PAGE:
Back to Chicago
It was August of 2006 – I was an enthusiastic, somewhat nervous recent high school graduate headed off to New Haven, CT for college. Up to that point, I had always lived in Chicago, as had both of my parents and my grandparents before them.
While I had been lucky enough to travel a few times a year as a child to destinations across the USA (and on a some occasions abroad), I had never spent more than a couple of weeks away from the Windy City. I knew that I loved Chicago – I had a great childhood, many wonderful friends, and a loving, supportive family.
Still, I could not wait to leave. Like many eighteen year olds, I wanted to explore the world and embark on an adventure. I saw Chicago as a somewhat boring city dominated by old line industries like rail, manufacturing, commodities, and finance with barely a tech company to speak of.
For as long as I can remember, I have been obsessed with technology and entrepreneurs, and I thought that the most interesting, innovative companies, people, and ideas did not exist in my hometown. I wanted to be a part of a thriving, growing metropolis that set trends and built products for the entire world to use, and thought that I would end up in San Francisco, New York, London, or some other world hub where it was all happening.
Seven years later, I’m moving back to Chicago, and I could not be more excited. I have certainly changed, but so has the city. Chicago in 2013 looks dramatically different than it did in 2006.
First of all, Groupon happened. While much of the tech world pokes fun of Groupon, the kind of overnight growth that the company spawned is an incredibly rare thing – and a high growth, multi-billion dollar tech company is helpful for any startup ecosystem. While the incredible growth of Groupon certainly attracted talent, capital, and support for the Chicago tech community, it is only part of the story.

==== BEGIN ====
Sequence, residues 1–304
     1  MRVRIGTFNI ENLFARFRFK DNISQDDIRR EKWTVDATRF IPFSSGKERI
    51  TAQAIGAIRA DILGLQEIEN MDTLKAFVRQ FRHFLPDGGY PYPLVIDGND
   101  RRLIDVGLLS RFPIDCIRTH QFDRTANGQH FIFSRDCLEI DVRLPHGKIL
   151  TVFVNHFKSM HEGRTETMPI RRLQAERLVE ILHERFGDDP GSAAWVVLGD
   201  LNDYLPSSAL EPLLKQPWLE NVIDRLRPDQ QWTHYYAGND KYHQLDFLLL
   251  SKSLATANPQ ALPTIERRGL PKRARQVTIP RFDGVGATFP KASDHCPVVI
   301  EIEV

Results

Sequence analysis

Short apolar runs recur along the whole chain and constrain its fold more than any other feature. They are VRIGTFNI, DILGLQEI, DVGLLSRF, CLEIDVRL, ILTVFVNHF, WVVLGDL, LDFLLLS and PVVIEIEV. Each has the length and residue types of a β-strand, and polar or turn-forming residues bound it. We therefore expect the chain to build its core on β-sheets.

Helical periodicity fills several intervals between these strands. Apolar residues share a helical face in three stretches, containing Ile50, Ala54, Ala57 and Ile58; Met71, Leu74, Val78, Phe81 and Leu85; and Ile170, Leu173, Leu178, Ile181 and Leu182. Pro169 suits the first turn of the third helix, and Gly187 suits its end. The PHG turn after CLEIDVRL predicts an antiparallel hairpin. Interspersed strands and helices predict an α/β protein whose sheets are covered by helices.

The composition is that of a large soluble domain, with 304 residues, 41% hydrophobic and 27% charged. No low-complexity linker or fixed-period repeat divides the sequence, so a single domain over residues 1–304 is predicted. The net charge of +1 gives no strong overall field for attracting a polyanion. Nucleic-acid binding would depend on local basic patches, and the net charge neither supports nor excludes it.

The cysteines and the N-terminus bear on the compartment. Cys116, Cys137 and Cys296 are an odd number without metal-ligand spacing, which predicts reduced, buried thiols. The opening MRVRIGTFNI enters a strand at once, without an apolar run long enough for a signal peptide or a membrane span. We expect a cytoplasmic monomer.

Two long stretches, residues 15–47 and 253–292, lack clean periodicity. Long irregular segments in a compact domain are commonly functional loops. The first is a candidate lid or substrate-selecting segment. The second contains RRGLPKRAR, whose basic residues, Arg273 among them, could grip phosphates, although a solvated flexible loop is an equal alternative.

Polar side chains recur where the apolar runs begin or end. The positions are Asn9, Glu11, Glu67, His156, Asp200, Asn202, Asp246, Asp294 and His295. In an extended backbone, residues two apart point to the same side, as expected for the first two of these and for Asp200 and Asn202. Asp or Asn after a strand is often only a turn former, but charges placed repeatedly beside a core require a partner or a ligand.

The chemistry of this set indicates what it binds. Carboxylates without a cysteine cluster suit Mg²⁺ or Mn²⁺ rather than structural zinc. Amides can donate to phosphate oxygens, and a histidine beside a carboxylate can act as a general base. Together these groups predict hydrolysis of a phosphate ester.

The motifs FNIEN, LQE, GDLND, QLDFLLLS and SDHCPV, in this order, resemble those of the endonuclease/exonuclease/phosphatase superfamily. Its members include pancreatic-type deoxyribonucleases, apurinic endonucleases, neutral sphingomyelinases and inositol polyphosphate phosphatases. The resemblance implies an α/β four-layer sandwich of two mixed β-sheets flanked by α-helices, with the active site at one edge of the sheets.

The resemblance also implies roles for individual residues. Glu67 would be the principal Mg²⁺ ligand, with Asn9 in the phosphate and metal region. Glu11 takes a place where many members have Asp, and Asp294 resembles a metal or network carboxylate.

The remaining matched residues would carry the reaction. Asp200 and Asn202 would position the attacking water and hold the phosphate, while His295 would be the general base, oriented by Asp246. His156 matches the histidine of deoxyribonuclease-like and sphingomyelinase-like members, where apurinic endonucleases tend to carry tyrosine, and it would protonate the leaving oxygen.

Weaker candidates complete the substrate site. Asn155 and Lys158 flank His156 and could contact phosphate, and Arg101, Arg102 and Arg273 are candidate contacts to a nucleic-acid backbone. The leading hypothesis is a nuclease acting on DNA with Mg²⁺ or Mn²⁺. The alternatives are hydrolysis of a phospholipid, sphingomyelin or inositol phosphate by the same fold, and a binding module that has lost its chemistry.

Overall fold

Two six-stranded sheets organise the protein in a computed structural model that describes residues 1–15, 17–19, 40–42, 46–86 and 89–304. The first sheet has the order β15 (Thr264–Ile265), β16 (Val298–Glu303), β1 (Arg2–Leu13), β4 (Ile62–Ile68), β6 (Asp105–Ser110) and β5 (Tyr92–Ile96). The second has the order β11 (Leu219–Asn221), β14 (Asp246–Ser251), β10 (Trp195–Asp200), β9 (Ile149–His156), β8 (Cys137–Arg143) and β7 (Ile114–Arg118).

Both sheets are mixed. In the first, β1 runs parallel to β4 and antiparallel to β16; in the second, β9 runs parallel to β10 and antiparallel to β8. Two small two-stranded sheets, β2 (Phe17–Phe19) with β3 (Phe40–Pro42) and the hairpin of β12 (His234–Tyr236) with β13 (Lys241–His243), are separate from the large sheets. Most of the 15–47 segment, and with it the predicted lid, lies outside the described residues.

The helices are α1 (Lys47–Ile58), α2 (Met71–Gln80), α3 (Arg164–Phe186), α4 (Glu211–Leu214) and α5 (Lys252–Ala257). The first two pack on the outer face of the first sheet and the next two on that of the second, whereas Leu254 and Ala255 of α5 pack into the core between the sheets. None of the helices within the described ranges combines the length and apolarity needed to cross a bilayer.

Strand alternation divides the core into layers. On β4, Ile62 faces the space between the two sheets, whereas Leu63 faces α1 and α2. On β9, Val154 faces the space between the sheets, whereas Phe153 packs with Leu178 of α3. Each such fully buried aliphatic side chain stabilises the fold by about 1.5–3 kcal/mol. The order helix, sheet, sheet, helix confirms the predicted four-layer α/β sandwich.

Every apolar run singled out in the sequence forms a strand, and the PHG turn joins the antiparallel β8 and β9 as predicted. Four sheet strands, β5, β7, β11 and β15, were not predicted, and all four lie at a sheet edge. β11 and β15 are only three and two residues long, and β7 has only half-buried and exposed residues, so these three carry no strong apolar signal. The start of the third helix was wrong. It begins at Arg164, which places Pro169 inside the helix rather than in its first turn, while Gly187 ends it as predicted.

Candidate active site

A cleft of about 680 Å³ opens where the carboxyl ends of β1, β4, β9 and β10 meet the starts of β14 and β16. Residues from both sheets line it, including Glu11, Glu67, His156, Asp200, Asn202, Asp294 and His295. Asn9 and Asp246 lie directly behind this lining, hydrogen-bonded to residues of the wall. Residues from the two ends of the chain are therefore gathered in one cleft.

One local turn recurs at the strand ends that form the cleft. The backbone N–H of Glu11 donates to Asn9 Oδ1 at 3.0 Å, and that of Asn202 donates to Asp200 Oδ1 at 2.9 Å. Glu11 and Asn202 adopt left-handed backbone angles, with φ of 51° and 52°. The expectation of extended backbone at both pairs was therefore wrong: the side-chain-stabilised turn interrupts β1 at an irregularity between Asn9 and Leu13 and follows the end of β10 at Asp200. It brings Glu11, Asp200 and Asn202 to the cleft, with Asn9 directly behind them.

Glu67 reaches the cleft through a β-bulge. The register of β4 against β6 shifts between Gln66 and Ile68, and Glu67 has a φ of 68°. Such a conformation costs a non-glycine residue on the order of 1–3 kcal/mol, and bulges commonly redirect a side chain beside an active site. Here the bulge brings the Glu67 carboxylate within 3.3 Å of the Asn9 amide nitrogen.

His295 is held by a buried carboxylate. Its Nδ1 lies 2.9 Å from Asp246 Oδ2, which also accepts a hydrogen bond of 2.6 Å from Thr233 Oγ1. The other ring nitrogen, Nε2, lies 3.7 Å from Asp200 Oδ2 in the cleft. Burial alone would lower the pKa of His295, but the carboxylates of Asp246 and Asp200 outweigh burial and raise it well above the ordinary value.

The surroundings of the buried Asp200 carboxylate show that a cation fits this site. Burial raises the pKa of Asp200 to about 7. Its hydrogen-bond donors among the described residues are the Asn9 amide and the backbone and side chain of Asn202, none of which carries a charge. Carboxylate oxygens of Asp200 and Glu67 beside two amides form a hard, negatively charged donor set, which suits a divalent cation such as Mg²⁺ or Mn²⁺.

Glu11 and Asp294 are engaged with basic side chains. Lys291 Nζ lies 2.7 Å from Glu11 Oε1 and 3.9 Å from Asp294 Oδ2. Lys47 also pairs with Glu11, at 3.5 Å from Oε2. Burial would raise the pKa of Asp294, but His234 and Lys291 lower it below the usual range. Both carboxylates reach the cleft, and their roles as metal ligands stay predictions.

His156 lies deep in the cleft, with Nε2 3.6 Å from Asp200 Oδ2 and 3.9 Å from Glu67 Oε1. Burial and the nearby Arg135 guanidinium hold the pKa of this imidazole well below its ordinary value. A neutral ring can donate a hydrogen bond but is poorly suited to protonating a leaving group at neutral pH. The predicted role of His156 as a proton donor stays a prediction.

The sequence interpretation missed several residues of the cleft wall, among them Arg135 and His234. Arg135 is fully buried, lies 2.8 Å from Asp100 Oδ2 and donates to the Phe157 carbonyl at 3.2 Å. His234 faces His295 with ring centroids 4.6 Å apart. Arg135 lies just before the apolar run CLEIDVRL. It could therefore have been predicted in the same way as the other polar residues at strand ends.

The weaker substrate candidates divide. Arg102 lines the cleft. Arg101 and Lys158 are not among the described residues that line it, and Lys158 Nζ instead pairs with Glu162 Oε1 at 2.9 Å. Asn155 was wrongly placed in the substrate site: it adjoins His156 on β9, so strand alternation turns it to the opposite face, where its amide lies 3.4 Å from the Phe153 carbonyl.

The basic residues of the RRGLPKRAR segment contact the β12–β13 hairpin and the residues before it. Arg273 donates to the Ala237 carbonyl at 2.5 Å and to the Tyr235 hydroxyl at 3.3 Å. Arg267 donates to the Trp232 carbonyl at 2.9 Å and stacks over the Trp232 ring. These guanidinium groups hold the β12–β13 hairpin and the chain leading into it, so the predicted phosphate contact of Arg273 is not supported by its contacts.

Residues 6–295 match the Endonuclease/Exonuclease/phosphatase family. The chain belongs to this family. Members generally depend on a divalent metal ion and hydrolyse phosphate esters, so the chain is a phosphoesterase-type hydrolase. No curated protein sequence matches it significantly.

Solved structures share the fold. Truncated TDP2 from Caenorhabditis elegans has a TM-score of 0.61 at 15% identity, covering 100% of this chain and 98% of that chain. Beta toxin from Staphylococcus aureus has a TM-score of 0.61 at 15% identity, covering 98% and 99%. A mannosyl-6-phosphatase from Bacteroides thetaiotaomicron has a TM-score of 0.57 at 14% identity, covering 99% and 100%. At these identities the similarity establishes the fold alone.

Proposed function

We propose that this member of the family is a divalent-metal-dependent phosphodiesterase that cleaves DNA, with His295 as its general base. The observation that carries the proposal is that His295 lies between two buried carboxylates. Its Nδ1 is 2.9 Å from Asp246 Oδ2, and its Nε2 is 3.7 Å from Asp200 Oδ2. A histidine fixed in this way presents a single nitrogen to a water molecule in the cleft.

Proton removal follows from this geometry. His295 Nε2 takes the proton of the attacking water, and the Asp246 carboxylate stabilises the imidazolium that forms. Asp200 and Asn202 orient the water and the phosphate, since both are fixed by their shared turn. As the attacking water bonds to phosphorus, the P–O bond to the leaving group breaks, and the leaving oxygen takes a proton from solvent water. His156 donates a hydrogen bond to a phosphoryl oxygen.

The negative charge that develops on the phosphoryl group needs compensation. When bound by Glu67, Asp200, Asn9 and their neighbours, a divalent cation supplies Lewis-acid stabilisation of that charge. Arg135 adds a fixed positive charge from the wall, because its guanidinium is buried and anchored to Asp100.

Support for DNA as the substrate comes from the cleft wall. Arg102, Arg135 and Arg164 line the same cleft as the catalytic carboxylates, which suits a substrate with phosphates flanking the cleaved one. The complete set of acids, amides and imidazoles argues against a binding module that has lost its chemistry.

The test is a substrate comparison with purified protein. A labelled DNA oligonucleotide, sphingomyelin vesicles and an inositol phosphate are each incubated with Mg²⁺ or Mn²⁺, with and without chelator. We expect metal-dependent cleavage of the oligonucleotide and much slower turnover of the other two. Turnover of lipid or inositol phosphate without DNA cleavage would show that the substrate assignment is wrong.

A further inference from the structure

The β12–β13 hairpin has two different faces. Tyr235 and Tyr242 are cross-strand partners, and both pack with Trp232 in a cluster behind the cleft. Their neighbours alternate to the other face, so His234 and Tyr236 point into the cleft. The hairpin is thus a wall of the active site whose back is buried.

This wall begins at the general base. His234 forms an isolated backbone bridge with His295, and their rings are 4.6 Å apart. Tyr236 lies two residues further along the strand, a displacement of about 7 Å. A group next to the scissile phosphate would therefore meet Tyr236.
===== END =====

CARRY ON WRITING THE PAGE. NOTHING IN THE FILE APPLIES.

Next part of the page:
Big, established tech companies are growing their presence in Chicago, and startups are sprouting everywhere. After purchasing Motorola Mobility last year, Google announced that they leased more than 600,000 square feet of space at the Merchandise Mart in the heart of the city – just down the hall from 1871, an incredible coworking space, incubator, and tech hub that opened last year in the same building.
Venture Capital investment in Chicago has increased markedly in the last few years, and the range of companies starting and growing in Chicago has exploded. Firms like Belly, TrunkClub, Threadless, BrainTree, Starter League, and Coyote Logistics range in focus from consumer to enterprise, e-commerce to education, and make for a vibrant and interesting startup scene.
Don’t get me wrong – Chicago is no Silicon Valley – but I would neither expect nor want it to be like Palo Alto. I’ve spent the last few years building a company in New Haven, a MUCH smaller city, as part of a tiny tech community – and I’ve seen how fun and invigorating it is to build a startup ecosystem. Chicago is much larger and more developed than New Haven, but the technology industry is still in the early stages of development. I can’t want to be a part of it.